The goverment will target a new student loan reimbursement programme in areas and subjects where the teacher recruitment and retention crisis is at its worst.
Justine Greening unveiled the plans this afternoon, on the first day of the Conservative Party's annual conference, in Manchester.
In a speech that covered a wide range of school issues, she also highlighted the maths hubs introduced by the government, and said: "Today I can announce we are now going to invest a further £6 million to put them in more areas where we want them to make the biggest difference.
"And we will also create a new £12 million network of English Hubs, in the Northern Powerhouse, to further improve early language and literacy."
As well as the extra maths hubs, the DfE said it would pilot "new style" bursaries in maths, with upfront payments of £20,000, and early retention payments of £5,000 in the third and fifth year of their careers.
And it said increased amounts of £7,500 will also be available to encourage the best maths teachers to teach in more challenging schools.
Addressing the teacher recruitment and retention problems, Ms Greening told delegates: "We will invest more than £30 million in tailored support for getting more great teachers in some of the schools that struggle the most with recruitment and retention.
"And we will introduce a pilot student loan reimbursement programme to help attract and retain teachers, and we will target it at the subjects and areas of the country that need them most."
The DfE said this would be for about 1,700 science and 800 modern foreign language teachers a year, "in the early years of their careers".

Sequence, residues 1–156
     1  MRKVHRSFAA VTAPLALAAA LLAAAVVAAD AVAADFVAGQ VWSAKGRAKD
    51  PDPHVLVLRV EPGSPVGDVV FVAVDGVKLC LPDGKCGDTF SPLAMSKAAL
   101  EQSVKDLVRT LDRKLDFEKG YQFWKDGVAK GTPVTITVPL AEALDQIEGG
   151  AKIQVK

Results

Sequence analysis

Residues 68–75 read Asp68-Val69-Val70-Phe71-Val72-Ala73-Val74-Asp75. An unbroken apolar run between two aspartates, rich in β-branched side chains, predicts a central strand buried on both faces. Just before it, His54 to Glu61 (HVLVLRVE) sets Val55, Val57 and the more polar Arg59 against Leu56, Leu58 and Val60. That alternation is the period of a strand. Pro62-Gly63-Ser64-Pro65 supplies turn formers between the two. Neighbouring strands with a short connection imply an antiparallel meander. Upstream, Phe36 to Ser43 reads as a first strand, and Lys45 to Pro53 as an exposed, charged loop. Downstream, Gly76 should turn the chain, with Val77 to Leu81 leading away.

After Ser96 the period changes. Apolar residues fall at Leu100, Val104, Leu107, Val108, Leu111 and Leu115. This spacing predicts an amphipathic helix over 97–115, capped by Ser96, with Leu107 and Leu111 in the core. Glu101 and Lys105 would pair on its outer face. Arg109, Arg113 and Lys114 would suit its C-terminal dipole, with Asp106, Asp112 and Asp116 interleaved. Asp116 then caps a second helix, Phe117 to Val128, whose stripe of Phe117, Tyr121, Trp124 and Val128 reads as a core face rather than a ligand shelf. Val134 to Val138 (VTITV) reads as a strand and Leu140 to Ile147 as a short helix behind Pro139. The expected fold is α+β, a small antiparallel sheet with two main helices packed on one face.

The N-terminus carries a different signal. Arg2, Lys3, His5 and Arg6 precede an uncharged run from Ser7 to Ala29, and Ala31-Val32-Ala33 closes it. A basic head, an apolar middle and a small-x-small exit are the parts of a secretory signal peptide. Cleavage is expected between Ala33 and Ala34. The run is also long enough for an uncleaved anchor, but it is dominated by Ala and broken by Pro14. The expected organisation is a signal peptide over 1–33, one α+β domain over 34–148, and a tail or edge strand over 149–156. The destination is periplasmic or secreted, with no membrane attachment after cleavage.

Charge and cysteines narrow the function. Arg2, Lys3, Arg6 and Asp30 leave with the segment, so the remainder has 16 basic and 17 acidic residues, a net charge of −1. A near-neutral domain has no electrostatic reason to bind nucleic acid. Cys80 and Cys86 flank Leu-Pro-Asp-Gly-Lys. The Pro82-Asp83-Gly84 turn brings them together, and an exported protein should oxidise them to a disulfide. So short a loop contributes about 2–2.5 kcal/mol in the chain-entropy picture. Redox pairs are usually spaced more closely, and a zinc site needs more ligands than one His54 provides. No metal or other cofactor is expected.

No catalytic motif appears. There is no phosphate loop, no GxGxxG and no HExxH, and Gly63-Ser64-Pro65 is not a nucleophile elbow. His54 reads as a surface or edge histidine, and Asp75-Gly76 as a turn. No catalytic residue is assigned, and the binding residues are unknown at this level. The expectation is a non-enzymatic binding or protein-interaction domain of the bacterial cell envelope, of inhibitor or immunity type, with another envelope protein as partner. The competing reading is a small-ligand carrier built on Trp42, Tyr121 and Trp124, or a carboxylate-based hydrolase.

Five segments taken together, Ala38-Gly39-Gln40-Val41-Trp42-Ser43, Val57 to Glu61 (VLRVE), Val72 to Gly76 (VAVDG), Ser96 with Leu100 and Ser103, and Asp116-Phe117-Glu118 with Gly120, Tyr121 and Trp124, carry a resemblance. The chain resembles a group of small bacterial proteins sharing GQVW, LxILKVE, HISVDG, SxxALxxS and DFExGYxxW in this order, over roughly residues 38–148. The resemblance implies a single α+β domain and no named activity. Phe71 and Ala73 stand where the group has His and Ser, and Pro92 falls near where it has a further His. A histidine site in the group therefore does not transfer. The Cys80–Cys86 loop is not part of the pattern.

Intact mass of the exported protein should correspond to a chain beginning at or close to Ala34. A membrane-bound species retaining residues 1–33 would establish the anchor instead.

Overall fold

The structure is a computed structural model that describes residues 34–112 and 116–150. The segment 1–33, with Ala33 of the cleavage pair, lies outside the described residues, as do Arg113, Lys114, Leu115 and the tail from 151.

It said a typical teacher in their fifth year would benefit from about £540 through these reimbursements - but this would be more for teachers with additional responsibilities.
Last month, Ms Greening told Tes that the Conservative manifesto commitment to “offer forgiveness on student-loan repayments while they are teaching” had survived the party's loss of its Commons majority.
And she confirmed plans, revealed by Tes last month, to put more focus on alternative provision.
"I will bring forward proposals to ensure that alternative provision is the best it can be, and that the best practice already there in this field becomes the norm, so that it gives all the young people in it the opportunity to fulfil their potential," she said.
The education secretary also put an emphasis on literacy and numeracy for children before they enter key stage 1.
She told the conference: "I am announcing that the next phase of our £140 million Strategic School Improvement Fund will include a new focus on boosting literacy and numeracy during a child’s Reception year."
This echoed proposals in the Tory manifesto for the June 2017 election, which said: "A Conservative government will strengthen the teaching of literacy and numeracy in the early years so that all pupils – regardless of background – get the best possible start in life. We will build on the success of the phonics screening test."
And in its response to its consultation the primary assessment, published in September, the government set out how it wanted to change the early years foundation stage to bring its early learning goals (ELGs) more in line with key stage 1, "particularly for literacy and mathematics".
It said it would "ensure that there is sufficient focus on increasing depth and breadth of vocabulary", and "review and revise the mathematics and literacy ELGs to ensure that they support children to develop the right building blocks for learning at key stage 1."